Ah, the old travel hair conundrum. Ladies, you know what I mean. What happens when you’re on the road or living in a country where you can’t convey exactly what you’re going for with your hairstyle? It’s hard enough being able to get the point across in your own language, let alone one where you’re far from fluent. Throw in that what’s hot in Europe, Asia, or anywhere else on the globe might not be what you want to sport when you return home, and you have a disaster waiting to happen.
I’ve covered traveling with a no-f*cks given attitude on makeup, but for some reason, I have a harder time with it on hair. I’ve traveled with almost every hairstyle in the book. Long and dyed, shoulder-length and natural, in awkward grow-outs and stuffed back in buns and ponytails. However, I had never jumped in the deep end and actually gotten out the razor, which is why I was so surprised when at some point, I wanted it all off.
‘This could look really bad,’ I thought, remembering a pixie cut from before recorded time. ‘But it’s been so hot in Spain lately, and I’m about to embark on a 115km walk.’
Thankfully, I found a hairdresser in our neighborhood in Granada who spoke fluent (much better than my own) English. She also spoke fluent Italian, Spanish, French, and Swedish, but whatever. Not impressive. She brushed out my shoulder-length, highlighted blonde hair that I had been sporting for about a year.
“You have such nice hair!” she said. “What do you want to do with it?”
I wanted it off. All of it.
I had a moment of flashbacks of trying to take care of my hair abroad, in shared bathrooms in hostels, and those times when I couldn’t find a hair tie. I remembered that I wrote a blog post not that long ago about authentic traveling, and not caring about what we looked like while doing it. And I thought of that long, long walk with a blanket of hair on my neck, sticky with sweat.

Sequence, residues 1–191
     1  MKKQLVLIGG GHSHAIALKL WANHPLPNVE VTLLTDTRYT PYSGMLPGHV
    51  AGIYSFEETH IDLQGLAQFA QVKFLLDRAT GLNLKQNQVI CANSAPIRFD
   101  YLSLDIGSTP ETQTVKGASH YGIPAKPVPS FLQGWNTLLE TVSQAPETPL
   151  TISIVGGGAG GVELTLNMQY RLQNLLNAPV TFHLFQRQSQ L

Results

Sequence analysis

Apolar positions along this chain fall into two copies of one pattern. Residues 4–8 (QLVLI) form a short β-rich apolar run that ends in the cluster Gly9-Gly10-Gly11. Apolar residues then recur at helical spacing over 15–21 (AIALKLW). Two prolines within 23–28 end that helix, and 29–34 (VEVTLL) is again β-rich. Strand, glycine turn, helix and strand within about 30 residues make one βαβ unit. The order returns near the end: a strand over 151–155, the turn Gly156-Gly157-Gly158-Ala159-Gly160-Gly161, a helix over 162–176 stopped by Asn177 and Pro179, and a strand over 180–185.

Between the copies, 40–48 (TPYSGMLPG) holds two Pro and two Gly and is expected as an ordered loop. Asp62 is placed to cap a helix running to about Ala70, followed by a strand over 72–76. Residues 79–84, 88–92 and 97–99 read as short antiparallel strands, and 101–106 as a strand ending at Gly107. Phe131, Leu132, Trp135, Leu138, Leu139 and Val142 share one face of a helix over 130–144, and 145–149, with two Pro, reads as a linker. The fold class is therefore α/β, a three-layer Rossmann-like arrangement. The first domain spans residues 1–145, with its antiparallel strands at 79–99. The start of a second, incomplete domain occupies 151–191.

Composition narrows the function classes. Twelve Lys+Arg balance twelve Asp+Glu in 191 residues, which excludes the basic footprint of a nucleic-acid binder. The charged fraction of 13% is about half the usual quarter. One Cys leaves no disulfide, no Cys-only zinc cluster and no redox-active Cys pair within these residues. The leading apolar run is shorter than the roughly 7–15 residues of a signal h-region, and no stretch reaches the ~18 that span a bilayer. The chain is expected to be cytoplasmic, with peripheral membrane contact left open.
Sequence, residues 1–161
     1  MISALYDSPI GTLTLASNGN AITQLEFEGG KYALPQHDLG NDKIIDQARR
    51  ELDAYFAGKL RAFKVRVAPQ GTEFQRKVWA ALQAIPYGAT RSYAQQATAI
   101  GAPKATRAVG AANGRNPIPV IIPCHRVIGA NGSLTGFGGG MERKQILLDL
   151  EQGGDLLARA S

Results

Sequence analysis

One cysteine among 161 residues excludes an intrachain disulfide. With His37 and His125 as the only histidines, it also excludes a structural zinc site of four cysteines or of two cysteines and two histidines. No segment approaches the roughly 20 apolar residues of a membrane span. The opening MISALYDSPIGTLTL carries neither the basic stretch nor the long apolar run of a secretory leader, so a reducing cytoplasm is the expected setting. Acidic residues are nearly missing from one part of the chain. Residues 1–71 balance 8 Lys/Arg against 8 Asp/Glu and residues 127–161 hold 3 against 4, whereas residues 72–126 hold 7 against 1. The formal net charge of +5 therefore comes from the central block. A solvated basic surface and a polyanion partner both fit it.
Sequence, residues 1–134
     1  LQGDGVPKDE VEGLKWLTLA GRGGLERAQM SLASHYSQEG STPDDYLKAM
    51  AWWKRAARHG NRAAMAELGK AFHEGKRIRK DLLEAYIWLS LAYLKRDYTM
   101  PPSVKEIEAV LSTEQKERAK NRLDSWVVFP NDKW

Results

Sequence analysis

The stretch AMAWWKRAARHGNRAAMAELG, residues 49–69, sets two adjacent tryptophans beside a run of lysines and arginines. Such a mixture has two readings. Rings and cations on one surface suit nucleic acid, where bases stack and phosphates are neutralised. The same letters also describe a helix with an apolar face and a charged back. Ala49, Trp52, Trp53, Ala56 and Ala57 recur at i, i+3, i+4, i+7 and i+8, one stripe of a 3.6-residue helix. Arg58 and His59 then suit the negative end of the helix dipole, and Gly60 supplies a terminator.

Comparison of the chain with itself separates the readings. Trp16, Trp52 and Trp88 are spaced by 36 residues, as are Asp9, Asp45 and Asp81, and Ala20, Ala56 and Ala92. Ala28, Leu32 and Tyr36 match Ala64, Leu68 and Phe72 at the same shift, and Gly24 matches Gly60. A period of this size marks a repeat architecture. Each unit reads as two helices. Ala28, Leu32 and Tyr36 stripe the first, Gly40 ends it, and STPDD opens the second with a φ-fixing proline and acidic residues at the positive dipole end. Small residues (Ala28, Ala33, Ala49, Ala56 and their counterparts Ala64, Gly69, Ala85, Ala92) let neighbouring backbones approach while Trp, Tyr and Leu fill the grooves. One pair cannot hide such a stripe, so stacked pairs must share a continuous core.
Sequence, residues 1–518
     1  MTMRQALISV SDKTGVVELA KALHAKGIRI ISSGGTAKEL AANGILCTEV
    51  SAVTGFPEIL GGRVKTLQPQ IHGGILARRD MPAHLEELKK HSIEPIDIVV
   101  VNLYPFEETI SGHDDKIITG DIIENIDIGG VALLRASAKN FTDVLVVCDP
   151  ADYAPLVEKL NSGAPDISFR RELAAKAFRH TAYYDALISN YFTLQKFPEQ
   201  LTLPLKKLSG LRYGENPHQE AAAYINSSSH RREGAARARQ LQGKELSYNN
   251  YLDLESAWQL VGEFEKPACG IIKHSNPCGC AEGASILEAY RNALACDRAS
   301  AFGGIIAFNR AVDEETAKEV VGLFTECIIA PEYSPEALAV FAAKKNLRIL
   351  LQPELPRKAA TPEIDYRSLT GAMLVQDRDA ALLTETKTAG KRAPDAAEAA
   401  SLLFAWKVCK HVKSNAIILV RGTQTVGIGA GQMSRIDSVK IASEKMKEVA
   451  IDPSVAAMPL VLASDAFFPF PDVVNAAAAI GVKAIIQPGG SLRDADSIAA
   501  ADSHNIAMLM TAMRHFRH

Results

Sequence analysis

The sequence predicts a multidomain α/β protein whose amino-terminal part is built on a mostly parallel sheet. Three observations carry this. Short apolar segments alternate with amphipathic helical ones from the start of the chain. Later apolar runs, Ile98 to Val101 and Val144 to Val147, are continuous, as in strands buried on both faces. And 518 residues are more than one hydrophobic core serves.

Out came the razor, and clumps of hair fell to the ground. Instead of feeling horrified, I felt liberated. I didn’t care for once what people would think (well, maybe a few) and it felt so good to have it off. As she styled it into a cut that looks vaguely like ScarJo’s recent locks, I imagined fast showers, a cool neck, and 10 minutes max of styling time. Even more, it made me feel like I could take on what I was about to do more than caring what I actually looked like doing it—which was really the point of having it cut.
The result? I loved it.
Shaving your head, or parts of it, isn’t right for every female traveler. I’m still slightly envious of those travel bloggers and influencers who pull off long, gorgeous locks and look like they make it through life without sweating (in my next life). Hair is a weird thing and it matters more to some women than others. For me, I was happy to set aside my vanity for a more functional purpose, but not everyone can make that decision.
However, if you are thinking about taking the plunge, I’d say go for it. No one expects guys to look good when they travel, and if you don’t care, then the rest of the world probably doesn’t either. Worst case scenario? You can always grow it back out again—and when you’re busy traveling, it takes less time than you think.
How about you? What’s your go-to travel hairstyle?